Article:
Vegan vitamins and minerals

Veganism can be a perfectly healthy alternative to eating; the key word being “can”. As with any diet, consumption of all the essential vitamins and minerals is necessary, but special attention must be paid with vegan diets because it is easier to become deficient in a vitamin or mineral when you severely restrict food sources. In general, plants are excellent sources of vitamins and minerals, but getting ALL of the necessary ones is a different story. If you’re completely eliminating meat, and often dairy products, you are seriously narrowing your vitamin and mineral intake to those found solely in plants. Animal products are major sources of certain essential vitamins and minerals that the body needs, such as Omega-3 fatty acids. These nutrients must come in through vegetables, fruits, grains, cereals, nuts, seeds, and legumes. It is possible to successfully be a vegan and not have to worry about deficiencies, but you must know which vitamins and minerals to make up for and how to avoid these inadequacies by getting the appropriate number of servings from each food group.

Biggest Concerns

Foods must be selected carefully to alleviate the concerns of nutritional deficiencies involving calories, vitamins, minerals, and protein. The way to do this is with proper planning and a clear understanding of nutrient sources.

  • While insufficient caloric intake is one of the least important concerns, it is more common for vegans to be underweight because plant foods are not as high in calories as animal foods. Eating higher calorie foods that are acceptable on a vegan diet can easily solve this minor problem. These include nuts, beans, corn, green peas, potatoes, avocados, orange juice, and dried fruit. Insufficient caloric intake becomes a major concern when an eating disorder is involved.
  • Vitamin deficiencies are very common and easily incurred. Vitamin B12 is not found in plant foods so is often lacking from a strict vegan diet. This source can be made up for in fortified soy milk, fortified breakfast cereal, or a B12 supplement. A less common deficiency can be found with vitamin D because this is not found in plant foods, but if exposed to sunlight for at least 15 minutes every day, then this is not a problem.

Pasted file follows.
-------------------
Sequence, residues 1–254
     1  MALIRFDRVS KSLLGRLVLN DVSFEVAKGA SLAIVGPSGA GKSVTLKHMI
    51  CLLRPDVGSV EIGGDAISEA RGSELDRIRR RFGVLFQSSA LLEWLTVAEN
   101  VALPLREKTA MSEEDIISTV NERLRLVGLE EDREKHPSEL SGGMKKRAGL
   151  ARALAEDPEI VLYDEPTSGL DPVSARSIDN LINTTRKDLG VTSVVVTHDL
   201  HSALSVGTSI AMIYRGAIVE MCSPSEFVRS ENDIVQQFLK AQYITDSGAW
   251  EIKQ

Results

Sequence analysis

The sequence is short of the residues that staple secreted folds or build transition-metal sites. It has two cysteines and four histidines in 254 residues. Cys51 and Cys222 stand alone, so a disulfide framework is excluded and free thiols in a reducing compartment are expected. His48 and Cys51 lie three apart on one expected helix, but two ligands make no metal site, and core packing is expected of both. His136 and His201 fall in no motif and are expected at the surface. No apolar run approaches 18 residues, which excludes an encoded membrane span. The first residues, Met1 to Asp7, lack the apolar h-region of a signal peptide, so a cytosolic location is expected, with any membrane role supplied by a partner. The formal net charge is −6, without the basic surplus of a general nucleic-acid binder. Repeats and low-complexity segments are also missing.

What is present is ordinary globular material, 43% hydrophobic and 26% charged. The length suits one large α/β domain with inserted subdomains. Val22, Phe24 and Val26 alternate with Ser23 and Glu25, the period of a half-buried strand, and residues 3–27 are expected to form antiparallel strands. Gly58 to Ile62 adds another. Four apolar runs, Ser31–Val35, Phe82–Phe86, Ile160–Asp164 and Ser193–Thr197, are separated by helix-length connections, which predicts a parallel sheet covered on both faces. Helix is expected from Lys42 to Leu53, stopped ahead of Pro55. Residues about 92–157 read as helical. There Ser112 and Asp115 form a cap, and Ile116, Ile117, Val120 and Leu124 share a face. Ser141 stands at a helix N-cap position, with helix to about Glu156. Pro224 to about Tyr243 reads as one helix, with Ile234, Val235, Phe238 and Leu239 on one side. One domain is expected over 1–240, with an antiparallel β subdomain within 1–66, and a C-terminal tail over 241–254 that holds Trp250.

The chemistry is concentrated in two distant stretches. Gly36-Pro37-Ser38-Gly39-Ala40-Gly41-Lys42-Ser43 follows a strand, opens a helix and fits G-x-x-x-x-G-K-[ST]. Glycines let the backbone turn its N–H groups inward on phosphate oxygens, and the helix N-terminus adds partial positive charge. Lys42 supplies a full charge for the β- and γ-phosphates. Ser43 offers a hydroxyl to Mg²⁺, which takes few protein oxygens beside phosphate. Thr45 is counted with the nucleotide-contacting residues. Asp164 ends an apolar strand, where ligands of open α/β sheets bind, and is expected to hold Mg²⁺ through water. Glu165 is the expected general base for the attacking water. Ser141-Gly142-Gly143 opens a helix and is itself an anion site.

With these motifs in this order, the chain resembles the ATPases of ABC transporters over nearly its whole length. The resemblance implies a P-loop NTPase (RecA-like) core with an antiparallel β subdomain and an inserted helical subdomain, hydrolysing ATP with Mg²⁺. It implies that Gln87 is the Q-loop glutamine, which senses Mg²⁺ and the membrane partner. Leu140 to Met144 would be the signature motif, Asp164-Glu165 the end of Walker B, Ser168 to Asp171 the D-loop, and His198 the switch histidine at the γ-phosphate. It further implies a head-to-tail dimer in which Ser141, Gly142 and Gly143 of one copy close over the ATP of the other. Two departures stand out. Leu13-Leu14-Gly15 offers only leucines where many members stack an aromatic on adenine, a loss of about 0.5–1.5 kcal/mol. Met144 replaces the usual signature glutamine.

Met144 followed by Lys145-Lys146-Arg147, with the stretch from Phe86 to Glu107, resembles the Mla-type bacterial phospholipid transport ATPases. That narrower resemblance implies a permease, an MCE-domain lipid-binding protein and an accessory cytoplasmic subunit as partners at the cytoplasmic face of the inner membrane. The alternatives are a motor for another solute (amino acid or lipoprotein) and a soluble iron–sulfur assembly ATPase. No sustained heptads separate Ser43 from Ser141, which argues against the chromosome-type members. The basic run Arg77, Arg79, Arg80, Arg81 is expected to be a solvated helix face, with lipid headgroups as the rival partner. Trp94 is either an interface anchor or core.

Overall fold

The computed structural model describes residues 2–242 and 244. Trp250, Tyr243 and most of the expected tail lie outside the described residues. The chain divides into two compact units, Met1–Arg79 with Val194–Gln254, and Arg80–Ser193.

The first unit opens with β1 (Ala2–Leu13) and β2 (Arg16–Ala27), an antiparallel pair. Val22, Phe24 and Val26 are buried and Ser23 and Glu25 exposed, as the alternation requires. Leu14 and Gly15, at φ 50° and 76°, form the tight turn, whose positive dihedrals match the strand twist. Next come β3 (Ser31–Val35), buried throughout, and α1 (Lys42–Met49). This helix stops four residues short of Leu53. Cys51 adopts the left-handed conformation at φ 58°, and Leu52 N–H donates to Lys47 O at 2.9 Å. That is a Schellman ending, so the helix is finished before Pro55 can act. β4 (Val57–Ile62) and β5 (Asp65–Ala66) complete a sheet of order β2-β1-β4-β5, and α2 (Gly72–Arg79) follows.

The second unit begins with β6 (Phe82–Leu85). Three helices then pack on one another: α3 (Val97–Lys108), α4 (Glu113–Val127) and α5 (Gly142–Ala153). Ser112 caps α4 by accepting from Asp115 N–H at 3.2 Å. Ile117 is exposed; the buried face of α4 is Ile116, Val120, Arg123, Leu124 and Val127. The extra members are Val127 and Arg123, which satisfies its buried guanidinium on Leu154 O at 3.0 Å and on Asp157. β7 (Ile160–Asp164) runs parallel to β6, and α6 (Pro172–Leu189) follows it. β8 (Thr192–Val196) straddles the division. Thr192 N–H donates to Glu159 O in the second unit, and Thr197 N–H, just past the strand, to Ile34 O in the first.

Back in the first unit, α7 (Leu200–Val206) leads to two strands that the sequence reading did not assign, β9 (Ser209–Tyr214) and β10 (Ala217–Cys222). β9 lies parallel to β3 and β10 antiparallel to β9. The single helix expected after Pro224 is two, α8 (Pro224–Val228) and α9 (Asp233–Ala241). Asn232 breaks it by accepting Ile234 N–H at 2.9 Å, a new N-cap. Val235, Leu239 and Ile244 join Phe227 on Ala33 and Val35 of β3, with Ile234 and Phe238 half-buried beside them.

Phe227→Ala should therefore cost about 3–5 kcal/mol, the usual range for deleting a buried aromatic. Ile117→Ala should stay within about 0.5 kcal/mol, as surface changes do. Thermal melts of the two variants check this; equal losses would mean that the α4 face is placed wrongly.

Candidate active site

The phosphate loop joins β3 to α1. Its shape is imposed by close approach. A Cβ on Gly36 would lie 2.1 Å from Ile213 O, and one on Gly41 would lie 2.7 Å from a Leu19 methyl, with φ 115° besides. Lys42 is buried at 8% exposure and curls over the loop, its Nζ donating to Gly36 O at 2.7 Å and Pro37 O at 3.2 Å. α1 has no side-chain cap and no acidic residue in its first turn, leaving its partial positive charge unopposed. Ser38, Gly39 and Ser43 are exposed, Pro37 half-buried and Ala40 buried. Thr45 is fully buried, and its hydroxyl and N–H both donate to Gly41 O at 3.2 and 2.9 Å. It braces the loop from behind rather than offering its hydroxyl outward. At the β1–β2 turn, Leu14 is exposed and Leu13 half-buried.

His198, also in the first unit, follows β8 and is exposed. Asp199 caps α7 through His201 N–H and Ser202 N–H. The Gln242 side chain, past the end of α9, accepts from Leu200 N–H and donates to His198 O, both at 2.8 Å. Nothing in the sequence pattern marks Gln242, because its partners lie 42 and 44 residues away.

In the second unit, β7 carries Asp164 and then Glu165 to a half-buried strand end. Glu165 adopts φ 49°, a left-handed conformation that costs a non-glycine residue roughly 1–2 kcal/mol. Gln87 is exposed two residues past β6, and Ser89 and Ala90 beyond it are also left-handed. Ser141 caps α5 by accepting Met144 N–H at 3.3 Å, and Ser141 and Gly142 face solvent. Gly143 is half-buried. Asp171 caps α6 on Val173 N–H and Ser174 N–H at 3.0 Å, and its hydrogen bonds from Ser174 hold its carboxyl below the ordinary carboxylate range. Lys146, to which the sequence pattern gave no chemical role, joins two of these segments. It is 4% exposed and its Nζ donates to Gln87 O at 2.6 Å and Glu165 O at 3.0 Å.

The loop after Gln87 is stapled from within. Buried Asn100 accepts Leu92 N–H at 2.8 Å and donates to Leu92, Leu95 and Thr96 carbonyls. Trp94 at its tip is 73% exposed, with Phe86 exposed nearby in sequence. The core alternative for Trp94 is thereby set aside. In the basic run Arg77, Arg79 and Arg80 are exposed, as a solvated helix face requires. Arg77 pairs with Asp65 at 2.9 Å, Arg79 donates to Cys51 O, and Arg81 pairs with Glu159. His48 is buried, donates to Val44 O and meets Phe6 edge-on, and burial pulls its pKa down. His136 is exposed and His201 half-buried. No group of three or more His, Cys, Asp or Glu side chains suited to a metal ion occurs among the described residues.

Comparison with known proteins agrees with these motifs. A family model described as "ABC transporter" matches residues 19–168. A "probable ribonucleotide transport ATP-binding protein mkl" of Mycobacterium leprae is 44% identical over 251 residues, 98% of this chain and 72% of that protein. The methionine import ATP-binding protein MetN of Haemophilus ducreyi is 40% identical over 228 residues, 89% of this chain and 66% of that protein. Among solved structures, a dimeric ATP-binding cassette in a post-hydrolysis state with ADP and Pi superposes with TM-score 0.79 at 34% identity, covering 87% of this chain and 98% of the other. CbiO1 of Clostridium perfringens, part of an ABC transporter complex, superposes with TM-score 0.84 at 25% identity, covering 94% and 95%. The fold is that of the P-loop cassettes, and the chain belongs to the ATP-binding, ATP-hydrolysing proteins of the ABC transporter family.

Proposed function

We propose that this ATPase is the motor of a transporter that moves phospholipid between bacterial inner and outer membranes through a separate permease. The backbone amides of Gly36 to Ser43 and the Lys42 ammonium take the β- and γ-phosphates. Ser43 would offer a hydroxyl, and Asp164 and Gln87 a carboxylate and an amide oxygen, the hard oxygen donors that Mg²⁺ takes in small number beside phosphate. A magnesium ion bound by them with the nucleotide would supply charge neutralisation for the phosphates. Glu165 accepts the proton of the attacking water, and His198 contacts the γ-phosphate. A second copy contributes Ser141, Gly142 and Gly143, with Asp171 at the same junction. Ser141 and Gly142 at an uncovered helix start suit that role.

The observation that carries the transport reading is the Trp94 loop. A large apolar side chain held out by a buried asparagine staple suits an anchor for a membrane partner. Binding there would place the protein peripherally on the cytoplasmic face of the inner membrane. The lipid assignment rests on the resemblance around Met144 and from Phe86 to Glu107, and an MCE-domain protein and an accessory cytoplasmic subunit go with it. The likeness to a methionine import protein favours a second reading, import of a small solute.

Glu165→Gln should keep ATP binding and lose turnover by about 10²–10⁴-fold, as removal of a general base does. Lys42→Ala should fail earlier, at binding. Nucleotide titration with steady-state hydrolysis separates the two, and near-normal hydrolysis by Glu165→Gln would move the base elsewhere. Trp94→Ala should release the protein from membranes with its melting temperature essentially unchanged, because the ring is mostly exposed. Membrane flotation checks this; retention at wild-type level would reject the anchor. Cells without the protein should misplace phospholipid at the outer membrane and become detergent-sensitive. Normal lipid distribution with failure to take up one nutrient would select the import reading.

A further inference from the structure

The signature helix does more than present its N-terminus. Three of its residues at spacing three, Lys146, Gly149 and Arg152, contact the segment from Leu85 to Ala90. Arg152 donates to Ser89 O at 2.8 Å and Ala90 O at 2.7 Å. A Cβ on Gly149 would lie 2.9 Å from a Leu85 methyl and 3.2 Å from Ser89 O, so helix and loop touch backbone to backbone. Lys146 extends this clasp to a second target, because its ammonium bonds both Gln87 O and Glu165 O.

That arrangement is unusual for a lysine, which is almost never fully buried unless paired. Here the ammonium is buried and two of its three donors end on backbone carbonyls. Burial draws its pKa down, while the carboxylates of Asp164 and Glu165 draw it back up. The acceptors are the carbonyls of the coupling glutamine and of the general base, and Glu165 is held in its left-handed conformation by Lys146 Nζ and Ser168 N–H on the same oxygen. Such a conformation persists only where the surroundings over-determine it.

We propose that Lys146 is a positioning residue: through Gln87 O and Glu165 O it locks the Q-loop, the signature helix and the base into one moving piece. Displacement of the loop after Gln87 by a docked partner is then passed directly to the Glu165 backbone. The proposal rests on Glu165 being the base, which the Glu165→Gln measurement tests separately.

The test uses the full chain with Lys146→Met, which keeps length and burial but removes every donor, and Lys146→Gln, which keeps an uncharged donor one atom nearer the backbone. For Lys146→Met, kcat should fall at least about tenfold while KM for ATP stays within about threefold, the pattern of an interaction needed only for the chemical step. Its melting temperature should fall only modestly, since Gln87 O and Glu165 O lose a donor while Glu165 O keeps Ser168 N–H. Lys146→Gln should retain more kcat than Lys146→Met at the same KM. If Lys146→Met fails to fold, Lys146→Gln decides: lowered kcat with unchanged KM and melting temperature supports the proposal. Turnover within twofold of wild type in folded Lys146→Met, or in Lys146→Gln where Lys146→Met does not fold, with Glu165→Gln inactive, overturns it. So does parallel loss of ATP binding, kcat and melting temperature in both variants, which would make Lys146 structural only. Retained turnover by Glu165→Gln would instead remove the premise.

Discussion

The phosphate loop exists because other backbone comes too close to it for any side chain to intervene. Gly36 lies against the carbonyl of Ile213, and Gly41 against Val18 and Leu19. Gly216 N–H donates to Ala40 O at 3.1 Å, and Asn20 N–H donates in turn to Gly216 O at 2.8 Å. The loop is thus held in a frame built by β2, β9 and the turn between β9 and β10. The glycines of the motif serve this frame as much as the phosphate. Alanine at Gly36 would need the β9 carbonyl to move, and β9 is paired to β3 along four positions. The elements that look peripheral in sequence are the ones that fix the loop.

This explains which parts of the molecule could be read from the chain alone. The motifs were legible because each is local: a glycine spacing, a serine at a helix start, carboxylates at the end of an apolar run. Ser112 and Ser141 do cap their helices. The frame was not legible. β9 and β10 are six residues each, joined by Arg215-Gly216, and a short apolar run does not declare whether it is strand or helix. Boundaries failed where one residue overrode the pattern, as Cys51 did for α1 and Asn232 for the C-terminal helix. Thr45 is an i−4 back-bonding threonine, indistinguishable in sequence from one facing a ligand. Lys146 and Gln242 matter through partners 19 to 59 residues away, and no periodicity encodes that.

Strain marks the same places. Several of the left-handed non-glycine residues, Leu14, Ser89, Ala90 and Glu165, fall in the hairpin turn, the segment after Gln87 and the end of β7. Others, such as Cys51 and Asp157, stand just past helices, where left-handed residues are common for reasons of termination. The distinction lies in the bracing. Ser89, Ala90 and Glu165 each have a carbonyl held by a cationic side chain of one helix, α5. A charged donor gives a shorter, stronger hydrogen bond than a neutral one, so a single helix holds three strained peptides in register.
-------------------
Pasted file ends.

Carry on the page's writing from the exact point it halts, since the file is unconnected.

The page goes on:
• Mineral deficiencies can be common as well because some plant foods form compounds during the digestion process that block the absorption of some minerals. The ones affected are iron, zinc, and calcium. Including foods rich in these minerals, and balancing the intake of grains, legumes, and vegetables will negate this problem.
    • Iron-rich plant foods: beans, nuts, dates, prune juice, dried fruit, dark green leafy vegetables, and grain products that are enriched with iron.
    • Zinc-rich plant foods: whole wheat bread, peas, corn, and carrots.
    • Calcium-rich plant foods: broccoli, spinach, cabbage, mustard greens, and calcium-fortified beverages (soy milk and orange juice).

Protein deficiencies are the major concern for vegetarians in general, especially children who are on a vegan diet. The two types of protein taken in through food are complete and incomplete; complete proteins contain all of the essential amino acids, and animal products often fall into this category. Plant products are incomplete proteins. To make up for the deficit acquired from eating only plant foods,  a variety of plant sources should be eaten together to provide all of the essential amino acids necessary for proper health. These are called complementary proteins because one product may have the essential amino acid that another is lacking.

  • Grains and cereals are complemented by legumes because the carbohydrate group is lacking lysine and has significant amounts of methionine, while legumes have the exact opposite.
  • More specific examples of complementary proteins are bean and corn; soybeans and rice. All of these pairs make a perfect match because one group makes up in the amino acid that the other is lacking.

Food Guidelines for a Vegan Diet

This guide will help the vegetarian get all of the daily requirements for nutrients, vitamins, and minerals. It may be necessary to take a supplement to avoid deficiencies if it is hard to maintain the amount of servings in a particular food group.

  • Grains/Starchy Vegetables: 8-11 or more servings
    • Food examples: barley, bran, whole wheat bread, corn, fortified cereals, enriched macaroni, potatoes, rye wafers or bread, and enriched spaghetti.
  • Legumes: 3 or more servings
    • Food examples: great northern beans, kidney beans, lima beans, pinto beans, soybeans, tofu, chickpeas, and lentils.
  • Nuts and Seeds:  3 or more servings
    • Food examples: almonds, Brazil nuts, cashews, peanut butter, pecans, walnuts, sesame and sunflower seeds.
  • Fruits: 4 or more servings
    • Food examples: apples, bananas, grapes, peaches, pineapple, citrus fruits, dried fruits, and 100% fruit juices.
  • Vegetables: 4-6 or more servings
    • Food examples: artichokes, asparagus, cabbage, cruciferous vegetables (broccoli, cauliflower), tomatoes, carrots, and lettuce varieties.
  • “Milk” Products: 3 or more servings
    • Food examples: non-dairy soy milk and non-dairy rice milk.
Last updated on Nov 4th, 2010 and filed under Nutritional Information. Both comments and pings are currently closed.

1 Response for “Vegan vitamins and minerals”

  1. Zarah says:

    You need to have a look at the China study then the World peace diet. Did you know that animals get most of there protein from plants, so why not go right to the source.

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